mmWave systems, the beamforming uses a large antenna arrays to overwhelm path loss with directional transmission. In Massive MIMO systems, the traditional baseband digital beamforming (DB) requires one distinct radio-frequency (RF) chain per antenna. Both beamforming and precoding are done at baseband, however in mmWave systems, the high power consumption and the high cost of mixed-signal and RF chains led to opt to hybrid beamforming (HB) operating in the baseband and analog domains. Thus several studies proposed different architectures aiming to reduce the number of RF chains by combining an analog RF beamformer and a baseband digital beamformer. Such techniques are known as hybrid beamforming methods. Hybrid beamforming methods are devoted to jointly optimize the analog and digital beamformers to maximize the achievable rate. The performances of the different hybrid beamforming algorithms can be compared in light of power consumption calculations and achievable rates. A user scheduling and subcarrier allocation algorithm for multiuser downlink MIMO orthogonal frequency division multiple access (OFDMA) systems with hybrid analog-digital beamforming was proposed in [5]. Such a design with hybrid analog-digital beamforming algorithm was designed to reduce the number of RF chains and Phase Shifters (PS). The subsequent beamforming system should achieve the same performance of a digital beamforming that uses the same number of RF chains as the number of antennas of the transmitter. A transceiver design for maximizing the spectral efficiency of a large-scale MIMO system with hybrid beamforming architecture using a limited number of RF chains and finite-resolution PSs was proposed in [6]. It was shown that for the critical case where the number of RF chains is equal to the number of data streams, the performance is close to that of the exhaustive search method. The achievable rate can be improved significantly by adding extra RF chains in low-resolution PS case. A hybrid beamforming structure reported in [7], led to obtain the same performance as the fully-digital beamforming scheme if the number of RF chains at each end is greater than or equal to twice the number of data streams. In [8], a different hybrid architecture replaced the PSs with switches at the receiver and showed that antenna selection is preferred in a range of operating conditions. This architecture of hybrid beamforming was presented for compressed sensing based channel estimation. An iterative hybrid transceiver design algorithm based on the nonlinear least-squares formulation for mmWave MIMO systems was presented in order to reduce the performance gap between the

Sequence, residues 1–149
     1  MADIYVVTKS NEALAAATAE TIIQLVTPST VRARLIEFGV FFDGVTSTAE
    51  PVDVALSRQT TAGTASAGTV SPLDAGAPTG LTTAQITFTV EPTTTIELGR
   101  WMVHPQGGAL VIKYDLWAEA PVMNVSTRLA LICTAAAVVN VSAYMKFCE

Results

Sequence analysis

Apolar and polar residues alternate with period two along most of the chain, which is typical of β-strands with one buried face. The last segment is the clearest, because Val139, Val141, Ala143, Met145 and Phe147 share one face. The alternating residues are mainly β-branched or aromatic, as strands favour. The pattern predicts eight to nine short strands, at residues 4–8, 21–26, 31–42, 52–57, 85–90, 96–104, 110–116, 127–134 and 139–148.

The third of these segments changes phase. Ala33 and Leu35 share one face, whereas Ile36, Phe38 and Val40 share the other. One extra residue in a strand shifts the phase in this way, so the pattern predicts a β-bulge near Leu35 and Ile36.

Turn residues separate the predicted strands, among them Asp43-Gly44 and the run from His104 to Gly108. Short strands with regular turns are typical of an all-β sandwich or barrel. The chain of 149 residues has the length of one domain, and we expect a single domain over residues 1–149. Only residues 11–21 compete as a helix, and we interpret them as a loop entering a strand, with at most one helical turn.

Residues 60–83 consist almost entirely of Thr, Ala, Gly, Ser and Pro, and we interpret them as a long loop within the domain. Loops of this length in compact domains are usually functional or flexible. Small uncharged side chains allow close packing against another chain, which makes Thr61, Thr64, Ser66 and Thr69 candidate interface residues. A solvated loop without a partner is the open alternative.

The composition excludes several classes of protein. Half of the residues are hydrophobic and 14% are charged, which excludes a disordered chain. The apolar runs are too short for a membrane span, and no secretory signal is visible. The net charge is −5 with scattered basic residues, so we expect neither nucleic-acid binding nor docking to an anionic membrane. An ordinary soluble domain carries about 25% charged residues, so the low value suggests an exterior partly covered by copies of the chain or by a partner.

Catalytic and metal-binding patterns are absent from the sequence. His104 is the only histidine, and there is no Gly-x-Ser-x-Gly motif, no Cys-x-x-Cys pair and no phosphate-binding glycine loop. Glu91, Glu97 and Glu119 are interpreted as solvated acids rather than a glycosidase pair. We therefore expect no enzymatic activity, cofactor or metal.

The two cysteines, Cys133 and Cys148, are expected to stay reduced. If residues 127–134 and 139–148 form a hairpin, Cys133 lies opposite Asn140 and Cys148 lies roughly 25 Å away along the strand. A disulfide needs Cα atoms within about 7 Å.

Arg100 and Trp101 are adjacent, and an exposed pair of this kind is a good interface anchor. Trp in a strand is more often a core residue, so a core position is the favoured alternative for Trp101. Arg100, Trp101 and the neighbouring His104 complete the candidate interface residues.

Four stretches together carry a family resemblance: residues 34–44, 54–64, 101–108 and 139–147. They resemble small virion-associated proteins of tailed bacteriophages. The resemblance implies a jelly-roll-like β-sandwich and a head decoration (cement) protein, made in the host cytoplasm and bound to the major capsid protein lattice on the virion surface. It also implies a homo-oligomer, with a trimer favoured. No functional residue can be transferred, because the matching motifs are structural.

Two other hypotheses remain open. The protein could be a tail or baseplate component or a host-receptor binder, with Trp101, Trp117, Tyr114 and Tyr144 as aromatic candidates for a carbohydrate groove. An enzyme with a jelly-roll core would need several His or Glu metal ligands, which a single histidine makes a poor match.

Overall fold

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optimal full-baseband and the existing Orthogonal Matching Pursuit (OMP)-based hybrid transceiver designs in spite of using a much smaller number of RF chains [9]. A practical transmitter structure in which each antenna is only connected to a unique RF chain, was designed to optimize the analog and digital beamforming matrices for a maximum achievable rate with transmit power constraint. For a small antenna array or for a great number of propagation paths, the performance of such method can be improved by adjusting analog amplitude to reduce the complexity [10]. A hybrid beamforming based multibeam transmission diversity scheme was proposed for a single stream transmission for single user MIMO operation. The proposed structure flexibility permitted to adaptively adjust the transmission signal according to the unfavorable channel characteristics at high frequency bands including mmWave [11]. Compress sensing and matching pursuit are popular approaches to find the near optimal precoders and combiners. A precoding strategy using a variant of matching pursuit was considered to develop an iterative hybrid beamforming algorithm for the single user mmWave channel. The proposed solution assumes only partial channel knowledge at both the base and mobile stations in the form of angle of arrival (AoA) knowledge. The presented precoding method utilizes the channel sparsity, reciprocity, and the algorithmic concept of basis pursuit [12]. For a single user beamforming and precoding in mmWave systems with large arrays, a low hardware complexity precoding solution considered the precoder design problem as a sparsity constrained least squares problem. The proposed algorithm allows mmWave systems to approach waterfilling capacity [13]. An inclusive survey on the beamforming in millimeter wave communications is presented in [14]. Motivation: The DB is an optimal precoder for any design criterion and channel model [7], [15]. Using maximum throughput or proportional fairness (PF) criteria, one can design an optimal maximum throughput digital beamformer (MTDB) or PF digital beamformer (PFDB). DB based designs need one RF chain per antenna. Due to the higher cost and the power consumption in massive MIMO mmWave communication systems (because of large number of RF chains, containing digital to analog converter (DAC), data converter, mixer etc [16]), DB is not feasible for practical implementations. HB is the feasible choice to achieve the acceptable performance. A general approach for hybrid precoders design is to maximize the spectral efficiency by minimizing the Frobenius norm of the difference between the digital precoder and the proposed hybrid precoder using basis pursuit [16], [15]. In most of the aforementioned HB designs either the objective is to minimize the number of RF chains [5], [8], [9], or to maximize the throughput for limited number of RF chains [6], [15], [7], [10], [13]. In a practical cellular networks, fairness among the equally paying users is an utmost important deployment and optimization criterion. PF is a widely adopted radio resource allocation scheme in access networks [17]. There is no such literature that provides PF-based hybrid precoder for a desired number of RF chains. PF-based systems with the choice of number of RF chains give upper bound on the achievable system PF throughput tradeoff with capital and running costs.